- Overall, he was imprisoned something like six or eight times, though never brought to trial. He was so badass that he was specifically excluded from general pardons. When the king says, "Yeah, let everyone go free. EXCEPT that Malory guy," then you know you're badass.

- Eventually he was imprisoned for the last time in his life. He died either in prison, or shortly after being released. And what did he do during that last three-year prison stint?

He wrote the book that would basically launch our modern concept of chivalry and medieval romance.

So next Hallowe'en, when half of your friends are dressed up like stupid pimps, with fake purple fur and giant plastic diamonds on their canes, I'll be the guy dressed up like Thomas Malory.  And most people will think I'm just a knight. But I'll wink at you, while stealing some food, insulting the host, makin' it with the women and writing a timeless bestseller, and you'll know who I am.

Clearly, you should buy yourself a five dollar Penguin copy of Le Morte d'Arthur (though be careful you don't get the original Middle English version, yeesh), but you might also look at the following references:

  • Current Mood
    impressed impressed
  • Tags

The Obama era begins

Congratulations to President Elect Barack Obama. Regardless of how the next few years go, he has inspired people and broken a glass ceiling that should have been broken long ago. We should always support the office of the president, and I wish Obama the best as we head into some challenging times.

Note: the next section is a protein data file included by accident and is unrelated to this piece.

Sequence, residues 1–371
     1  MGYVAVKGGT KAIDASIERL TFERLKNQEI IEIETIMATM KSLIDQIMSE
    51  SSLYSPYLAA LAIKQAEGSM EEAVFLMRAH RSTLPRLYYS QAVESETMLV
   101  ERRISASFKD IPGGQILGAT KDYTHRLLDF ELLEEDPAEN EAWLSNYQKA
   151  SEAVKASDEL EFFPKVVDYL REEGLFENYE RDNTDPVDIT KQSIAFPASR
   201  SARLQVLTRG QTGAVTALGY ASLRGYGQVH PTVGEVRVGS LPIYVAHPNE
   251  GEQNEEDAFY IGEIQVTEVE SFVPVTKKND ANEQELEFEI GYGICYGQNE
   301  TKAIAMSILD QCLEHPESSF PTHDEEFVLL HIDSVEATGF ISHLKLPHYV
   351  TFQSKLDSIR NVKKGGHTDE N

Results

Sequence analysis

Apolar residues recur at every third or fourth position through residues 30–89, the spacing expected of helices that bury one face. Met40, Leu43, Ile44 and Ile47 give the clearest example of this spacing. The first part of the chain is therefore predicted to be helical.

Having said that, I want to bookmark for future reference my Hopes (tm) and fears concerning his victory.

Good things about Obama's victory
1. "Hope": For all the hokiness of political slogans, Obama has created hope - among minorities, among the Left, among everyone who thought that the Neoconservatives had a lock on things. I have a lot of friends who are normally intensely cynical about politics, who have a bright and shining stainless faith in this man. It's good for us to periodically cleanse ourselves of that venom against the system.

2. Race relations: It's time we white guys got used to the fact that women and minorities can do the Important jobs. Racism is still with us, regardless of what people say, but this election is a huge step in the right direction.

3. Image: In a lot of ways, I see Obama as a paper candidate - someone who looks good, dresses well, can speak eloquently (at least by today's diminished standards), but doesn't have much in the way of actual accomplishments. But let me give him credit here - the President is largely a human symbol - someone who leads us all along the same path, inspires us, makes us look good around the world. Obama , more than anyone since Reagan, has what it takes to do that.

4. He's a wonk: When I say "wonk," I mean someone who lives and breathes by a set of ideals, who thinks all the time about the minutiae of governance. While he might not quite be the visionary that Al Gore is, Obama is a very smart guy, a thinker, and someone who is willing to listen to others. Let me give a couple of examples: